Houses for sale in Ottawa

This week — on Thursday, June 13, 2024 — Toronto’s Planning And Housing Committee will meet for the month, and a number of important housing items are on the docket. Of those are a CreateTO initiative that stands to bring hundreds of new rentals to the city, a zoning change permitting mid-rises as-of-right, a new take on an existing affordable rental development plan, and a standardized policy for renovictions that takes a cue from Hamilton.

All in all, these are positive things on the housing front in Toronto, and here are the items in more detail.

CreateTO Project On Eglinton Avenue

CreateTO is pushing for a 31-storey condominium building — plus, 19- and 41-storey co-op buildings — at 2444 Eglinton Avenue East. The City-led development comes from Civic Developments, Windmill Developments, and Co-operative Housing Federation, and stands to bring a total of 918 homes to the area. That figure includes 612 rent-geared-to-income, affordable, and market rent controlled co-operative housing units, making the project one of the largest affordable housing developments in Ontario in the past 25 years.

“This will be the largest co-operative housing development in Ontario to date and will serve as a roadmap to help guide future developments, because we need more housing and everyone at the table to deliver it,” said Toronto Mayor Olivia Chow when the project was announced in January.

According to a report from Kerri Voumvakis, who is Chief Planner and Executive Director with the City, the proposed development “intensifies an underutilized site with a range of housing options in terms of tenure and affordability, while providing a mix of at-grade nonresidential uses that will support and enhance the public realm.” Voumvakis adds that the site is “immediately adjacent to a multi-modal transit.”

As-Of-Right Zoning For Mid-Rises

To enable more housing in neighbourhoods, city staff is proposing a bylaw that would permit mid-rise buildings as of right along major avenues.

“Mid-rise buildings have heights generally no greater than the width of the right-of-way that the building fronts onto, up to 11 storeys,” a May 27 report from Voumvakis says. “Mid-rise buildings are encouraged along avenues designated ‘mixed-use areas’ in the Official Plan, with their physical form and relationship to their context informed by the ‘Mid-rise Building Performance Standards Urban Design Guidelines.’”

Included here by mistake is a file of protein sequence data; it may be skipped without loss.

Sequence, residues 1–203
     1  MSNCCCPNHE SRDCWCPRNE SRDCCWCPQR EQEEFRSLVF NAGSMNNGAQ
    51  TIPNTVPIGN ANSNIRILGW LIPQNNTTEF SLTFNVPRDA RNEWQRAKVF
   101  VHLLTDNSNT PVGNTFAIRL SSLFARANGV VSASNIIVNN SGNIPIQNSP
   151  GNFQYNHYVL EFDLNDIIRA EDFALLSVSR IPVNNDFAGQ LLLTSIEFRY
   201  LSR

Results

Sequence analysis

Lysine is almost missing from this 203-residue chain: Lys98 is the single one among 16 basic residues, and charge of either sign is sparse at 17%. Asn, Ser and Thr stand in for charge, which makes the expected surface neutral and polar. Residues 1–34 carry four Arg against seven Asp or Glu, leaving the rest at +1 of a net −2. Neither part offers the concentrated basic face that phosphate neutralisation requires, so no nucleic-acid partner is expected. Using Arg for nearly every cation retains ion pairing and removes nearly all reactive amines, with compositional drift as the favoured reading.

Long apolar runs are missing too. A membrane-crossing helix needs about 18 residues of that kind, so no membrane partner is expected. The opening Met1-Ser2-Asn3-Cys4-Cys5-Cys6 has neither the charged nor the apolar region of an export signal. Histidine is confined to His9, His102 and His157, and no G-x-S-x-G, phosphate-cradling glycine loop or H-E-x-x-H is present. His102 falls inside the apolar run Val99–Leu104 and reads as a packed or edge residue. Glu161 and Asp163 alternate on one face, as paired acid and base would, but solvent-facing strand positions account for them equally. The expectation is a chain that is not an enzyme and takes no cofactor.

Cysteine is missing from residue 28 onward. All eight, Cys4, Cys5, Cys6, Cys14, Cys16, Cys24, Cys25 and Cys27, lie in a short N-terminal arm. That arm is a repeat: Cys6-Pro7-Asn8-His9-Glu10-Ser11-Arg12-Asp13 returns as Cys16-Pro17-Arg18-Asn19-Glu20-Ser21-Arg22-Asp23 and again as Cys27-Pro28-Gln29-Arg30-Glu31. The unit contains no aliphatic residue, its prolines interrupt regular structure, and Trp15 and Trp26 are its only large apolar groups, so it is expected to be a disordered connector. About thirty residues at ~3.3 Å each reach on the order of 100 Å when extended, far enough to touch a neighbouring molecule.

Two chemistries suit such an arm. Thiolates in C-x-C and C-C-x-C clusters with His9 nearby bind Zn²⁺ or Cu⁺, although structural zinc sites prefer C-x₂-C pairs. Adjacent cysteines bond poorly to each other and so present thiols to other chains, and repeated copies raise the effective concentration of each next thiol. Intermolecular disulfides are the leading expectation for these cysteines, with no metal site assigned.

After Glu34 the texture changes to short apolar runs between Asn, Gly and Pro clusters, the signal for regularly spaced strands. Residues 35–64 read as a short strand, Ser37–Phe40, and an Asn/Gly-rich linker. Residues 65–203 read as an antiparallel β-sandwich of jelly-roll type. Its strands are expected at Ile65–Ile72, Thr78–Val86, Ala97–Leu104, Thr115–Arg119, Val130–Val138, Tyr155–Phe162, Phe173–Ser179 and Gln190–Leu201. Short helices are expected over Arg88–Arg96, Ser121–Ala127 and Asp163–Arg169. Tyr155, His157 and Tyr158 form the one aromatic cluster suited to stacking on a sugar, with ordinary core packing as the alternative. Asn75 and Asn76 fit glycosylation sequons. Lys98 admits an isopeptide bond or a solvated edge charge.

If approved, this move would, in part, help to “support the creation of more housing as part of the ‘Housing Action Plan’ to achieve or exceed the provincial housing target of 285,000 new homes over the next 10 years.”

This particular mid-rise movement has been in work since 2010, when City Council approved a staff report: ‘Avenues and Mid-Rise Buildings Study and Action Plan.’ Since that time, actions on the as-of-right front have moved forward progressively.

Overhaul Of ‘Open Door’ Affordable Rental Program

What is presently known as the ‘Open Door Affordable Rental Housing’ program is up for an overhaul this week, according to city documents. In addition to the 2016 program being rebranded to the ‘Rental Housing Supply Program,’ it is proposed to be expanded to align with the City’s updated goal to bring 65,000 new rent-controlled homes to Toronto by 2023.

With the rebrand will come a new framework “for prioritizing and recommending capital funding for affordable and RGI rental homes, up to a maximum of $260,000 per unit.” It also, “introduces a proposed program definition of rent-controlled homes where rent levels are higher than income-based affordable rents and at or below 150% of the average City of Toronto rent, by unit type, as reported annually by CMHC.

“This new program definition is consistent with the Official Plan definition of midrange moderate rents and will include limiting rent increases to the provincial rent increase guideline under the Residential Tenancies Act, 2006 plus 2%.”

On top of that, the report that will go to city staff on Thursday proposes incentives for non-profit housing providers.

Hamilton-Inspired Renoviction Policy

In January 2024, Hamilton became the first Ontario city to adopt a renoviction bylaw: designed to deter landlords from bad faith evictions. Now, Toronto is looking to follow Hamilton’s lead. It comes into effect on January 1, 2025.

A report that will be considered by Toronto City Council — if it gets the go-ahead from the Planning and Housing Committee, that is — describes a “growing trend of renovictions in Toronto, where a landlord illegitimately evicts a tenant by alleging that vacant possession of a rental unit is needed to undertake renovations or repairs.”

If Toronto is to take a cue from Hamilton, landlords will have to show proof that they are indeed renovating their property by providing a formal notice for demolition, repair or renovation purposes, landlords must apply for a renovation licence from the city.

For the City of Toronto’s part, they are currently requesting a “dedicated staff team” to “work with senior staff across relevant City divisions to develop a renoviction by-law and its operational framework by the fourth quarter of 2024.”

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